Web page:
So here we are, a culture – a nation of immigrants – dearly needing to settle into the holidays. And I’m not feeling so cheery. Many people are suffering, crying, feeling disgraced. I’m feeling a bit uncomfortable in my skin. It itches.
America is a killing culture. We continue to institutionally and violently kill the young black man. Why? Because we have a culturally created “bad feeling” about someone and think that’s reason enough to shoot someone. This is the most demonic and violent projection of institutional racism and it occurs every day. Over and over again. Believe me, I’m not against cops and policing of communities, I’m against all cops carrying guns. I’m against the cultural christening of the gun being a tool of peace.
Guns don’t stop crimes, they instigate them. They elevate the risks and therefore more dramatic, poorly intended decisions happen. They happen alot. Even with 12 year olds. We need peace officers to drop their guns. We need to form an armed division and a peace division of our policing departments. We need police forces to be required by law to culturally reflect the communities they protect. We need ten times the peace officers as we do armed police.
You know what else I think we need, we all need to go for a walk in the woods together. Let it filter us. Allow the forest to heal us, and it will.
Here’s the December desktop calendar, free for personal use. Full file here.
One of the greatest challenges with managing ecological systems is investing in patience. Large scale changes, both positive and negative often occur over many years, decades and even millennium. Oaks, in particular, grow very slowly, and the recovery of an oak savanna can easily take decades. This is often too long of a timescale even for long-term (5-10 year) restoration grants.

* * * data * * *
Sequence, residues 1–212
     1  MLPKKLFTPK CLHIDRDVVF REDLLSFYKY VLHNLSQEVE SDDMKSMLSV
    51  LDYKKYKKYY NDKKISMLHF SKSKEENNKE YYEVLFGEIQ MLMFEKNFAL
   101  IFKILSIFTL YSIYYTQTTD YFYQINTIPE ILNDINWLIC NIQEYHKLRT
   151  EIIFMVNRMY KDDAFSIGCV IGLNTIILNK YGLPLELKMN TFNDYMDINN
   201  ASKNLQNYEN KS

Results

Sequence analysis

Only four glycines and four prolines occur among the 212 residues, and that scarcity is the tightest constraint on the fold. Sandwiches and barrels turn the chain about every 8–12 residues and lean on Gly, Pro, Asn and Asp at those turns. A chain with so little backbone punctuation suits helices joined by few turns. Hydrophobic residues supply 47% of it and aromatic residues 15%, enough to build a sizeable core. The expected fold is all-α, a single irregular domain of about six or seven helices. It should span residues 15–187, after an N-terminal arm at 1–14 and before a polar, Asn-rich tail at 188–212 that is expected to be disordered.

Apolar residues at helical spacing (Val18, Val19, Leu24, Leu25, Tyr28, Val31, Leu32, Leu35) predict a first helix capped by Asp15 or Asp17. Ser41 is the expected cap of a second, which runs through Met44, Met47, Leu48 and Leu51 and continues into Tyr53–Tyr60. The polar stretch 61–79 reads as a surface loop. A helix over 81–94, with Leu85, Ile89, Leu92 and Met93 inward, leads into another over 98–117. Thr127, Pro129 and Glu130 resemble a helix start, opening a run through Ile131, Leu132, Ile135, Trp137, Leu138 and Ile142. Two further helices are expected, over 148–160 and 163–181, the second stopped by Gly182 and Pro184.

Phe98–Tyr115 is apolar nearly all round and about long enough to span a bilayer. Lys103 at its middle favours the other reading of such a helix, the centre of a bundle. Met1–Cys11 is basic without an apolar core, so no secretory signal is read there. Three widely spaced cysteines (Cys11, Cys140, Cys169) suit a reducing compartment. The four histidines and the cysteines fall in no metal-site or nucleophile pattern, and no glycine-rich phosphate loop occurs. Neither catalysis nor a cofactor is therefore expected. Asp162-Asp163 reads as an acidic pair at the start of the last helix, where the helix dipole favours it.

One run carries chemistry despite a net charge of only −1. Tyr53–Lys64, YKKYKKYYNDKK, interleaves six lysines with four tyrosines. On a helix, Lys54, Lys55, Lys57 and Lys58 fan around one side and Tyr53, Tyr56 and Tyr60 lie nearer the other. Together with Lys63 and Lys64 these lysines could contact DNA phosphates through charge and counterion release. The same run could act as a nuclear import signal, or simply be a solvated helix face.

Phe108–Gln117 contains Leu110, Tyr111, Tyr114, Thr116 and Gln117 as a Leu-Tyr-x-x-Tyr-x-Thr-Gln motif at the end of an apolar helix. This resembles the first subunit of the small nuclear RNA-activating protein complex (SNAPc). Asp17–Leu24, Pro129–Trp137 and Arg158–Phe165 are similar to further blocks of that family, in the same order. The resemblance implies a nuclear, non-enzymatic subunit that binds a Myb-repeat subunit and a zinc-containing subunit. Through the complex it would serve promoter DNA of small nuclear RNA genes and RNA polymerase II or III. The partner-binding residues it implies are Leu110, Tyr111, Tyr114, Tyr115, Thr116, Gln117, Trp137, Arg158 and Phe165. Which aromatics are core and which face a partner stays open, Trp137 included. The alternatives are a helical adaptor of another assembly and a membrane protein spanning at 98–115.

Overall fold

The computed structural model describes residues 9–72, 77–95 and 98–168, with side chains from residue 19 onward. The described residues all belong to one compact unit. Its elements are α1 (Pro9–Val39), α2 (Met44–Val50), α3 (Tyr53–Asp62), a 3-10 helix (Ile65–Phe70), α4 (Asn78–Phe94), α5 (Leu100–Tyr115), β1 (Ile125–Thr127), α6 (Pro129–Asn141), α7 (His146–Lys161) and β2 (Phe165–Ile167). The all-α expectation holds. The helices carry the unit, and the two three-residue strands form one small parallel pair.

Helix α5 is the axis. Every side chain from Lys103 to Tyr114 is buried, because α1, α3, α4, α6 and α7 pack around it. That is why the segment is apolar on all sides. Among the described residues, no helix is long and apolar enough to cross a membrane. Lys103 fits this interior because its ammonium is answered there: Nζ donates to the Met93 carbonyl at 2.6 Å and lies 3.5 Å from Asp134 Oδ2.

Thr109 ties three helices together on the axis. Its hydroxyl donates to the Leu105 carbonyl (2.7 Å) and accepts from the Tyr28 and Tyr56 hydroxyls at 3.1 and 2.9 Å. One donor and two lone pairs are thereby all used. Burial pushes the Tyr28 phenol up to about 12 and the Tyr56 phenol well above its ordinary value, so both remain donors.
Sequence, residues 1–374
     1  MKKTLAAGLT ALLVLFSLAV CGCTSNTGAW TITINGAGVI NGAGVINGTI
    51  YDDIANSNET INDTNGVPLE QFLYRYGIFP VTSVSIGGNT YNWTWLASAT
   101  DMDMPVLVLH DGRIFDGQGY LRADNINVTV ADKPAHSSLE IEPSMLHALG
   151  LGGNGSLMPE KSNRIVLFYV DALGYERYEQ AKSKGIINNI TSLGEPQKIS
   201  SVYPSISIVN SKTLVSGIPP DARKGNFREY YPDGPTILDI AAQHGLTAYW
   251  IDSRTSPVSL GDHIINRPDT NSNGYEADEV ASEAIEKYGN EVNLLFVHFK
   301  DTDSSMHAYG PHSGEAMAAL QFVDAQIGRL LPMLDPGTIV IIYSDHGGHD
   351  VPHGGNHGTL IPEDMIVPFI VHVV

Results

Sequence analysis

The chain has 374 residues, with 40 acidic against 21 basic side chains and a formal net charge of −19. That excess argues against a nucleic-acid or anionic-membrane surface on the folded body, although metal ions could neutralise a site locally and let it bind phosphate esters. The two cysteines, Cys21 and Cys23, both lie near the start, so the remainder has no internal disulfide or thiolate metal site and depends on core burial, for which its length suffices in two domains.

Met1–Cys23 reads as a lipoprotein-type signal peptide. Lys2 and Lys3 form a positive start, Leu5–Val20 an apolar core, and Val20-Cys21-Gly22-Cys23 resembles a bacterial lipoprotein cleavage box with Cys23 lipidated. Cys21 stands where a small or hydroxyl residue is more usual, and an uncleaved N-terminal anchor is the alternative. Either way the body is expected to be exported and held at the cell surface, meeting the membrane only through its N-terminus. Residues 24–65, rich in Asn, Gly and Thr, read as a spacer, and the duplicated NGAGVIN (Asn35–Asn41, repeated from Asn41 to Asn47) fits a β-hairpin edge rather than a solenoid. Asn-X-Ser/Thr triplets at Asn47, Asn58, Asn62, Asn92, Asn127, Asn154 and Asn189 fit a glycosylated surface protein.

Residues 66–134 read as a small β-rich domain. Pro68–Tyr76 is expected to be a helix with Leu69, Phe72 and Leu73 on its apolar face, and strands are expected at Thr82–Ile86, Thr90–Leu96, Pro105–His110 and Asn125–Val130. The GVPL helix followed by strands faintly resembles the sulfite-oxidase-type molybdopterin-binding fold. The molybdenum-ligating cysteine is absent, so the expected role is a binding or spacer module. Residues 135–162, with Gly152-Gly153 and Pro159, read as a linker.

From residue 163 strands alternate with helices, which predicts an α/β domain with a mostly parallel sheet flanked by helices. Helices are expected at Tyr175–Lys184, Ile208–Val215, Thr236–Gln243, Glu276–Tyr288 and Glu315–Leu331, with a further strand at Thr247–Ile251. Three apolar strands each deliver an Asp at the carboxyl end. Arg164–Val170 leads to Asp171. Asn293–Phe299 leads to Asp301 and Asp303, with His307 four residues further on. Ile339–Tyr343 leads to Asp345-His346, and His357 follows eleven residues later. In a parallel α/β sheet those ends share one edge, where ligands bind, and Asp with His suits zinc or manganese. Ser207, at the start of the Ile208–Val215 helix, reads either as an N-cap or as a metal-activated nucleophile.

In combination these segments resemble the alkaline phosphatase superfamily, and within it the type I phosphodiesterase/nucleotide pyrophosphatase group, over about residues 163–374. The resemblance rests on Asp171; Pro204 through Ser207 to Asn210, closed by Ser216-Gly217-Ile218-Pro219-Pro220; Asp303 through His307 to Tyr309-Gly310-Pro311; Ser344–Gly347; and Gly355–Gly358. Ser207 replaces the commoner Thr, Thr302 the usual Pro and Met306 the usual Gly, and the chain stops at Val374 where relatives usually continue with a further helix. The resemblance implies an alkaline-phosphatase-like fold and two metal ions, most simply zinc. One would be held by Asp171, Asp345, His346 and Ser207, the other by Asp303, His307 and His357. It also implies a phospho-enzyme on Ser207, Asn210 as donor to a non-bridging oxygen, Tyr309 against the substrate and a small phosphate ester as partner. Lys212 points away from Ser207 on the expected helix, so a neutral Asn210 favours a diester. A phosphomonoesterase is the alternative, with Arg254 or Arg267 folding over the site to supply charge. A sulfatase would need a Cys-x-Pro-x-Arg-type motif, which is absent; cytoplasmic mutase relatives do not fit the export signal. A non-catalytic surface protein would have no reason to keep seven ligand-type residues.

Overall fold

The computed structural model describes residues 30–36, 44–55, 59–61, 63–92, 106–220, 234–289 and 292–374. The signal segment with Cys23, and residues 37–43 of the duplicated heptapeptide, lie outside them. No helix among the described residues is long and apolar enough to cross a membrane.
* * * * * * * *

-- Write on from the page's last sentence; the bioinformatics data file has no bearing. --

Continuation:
In contrast to annual financial balance sheets which expire after 365 days, nature takes too long. In some cases, quarterly reports rule, reducing time lines to about 90 days. Purely and simply, patience can be expensive especially when there are expectations of regular production.
The development of this level of non-vascular diversity can take decades.
I’m excited to be offering 13 slides from the Conservation:Humans Required project that I’ve been working on over the years. This set of slides is particularly exciting to present to the Bay Area conservation professionals who will be attending a sold out seasonal gathering by the Bay Area Open Space Council at the David Brower Center in Berkeley. The BAOSC is a fantastic organization that makes great things happen in the conservation world. Thanks to Annie and Ryan for this opportunity.
These slides come from the heart as I want to inspire a new wave of conservation minded humans who see knowledge and commitment as an answer to habitat degradation. Many of these photos depict places I am attached to as an ecologist, hiker, photographer, or just a philosopher. All scenes are less than 150 miles from home. All scenes feel like home…
Here’s a one slide of the show. It should be fun and I hope to make some strong connections with new friends.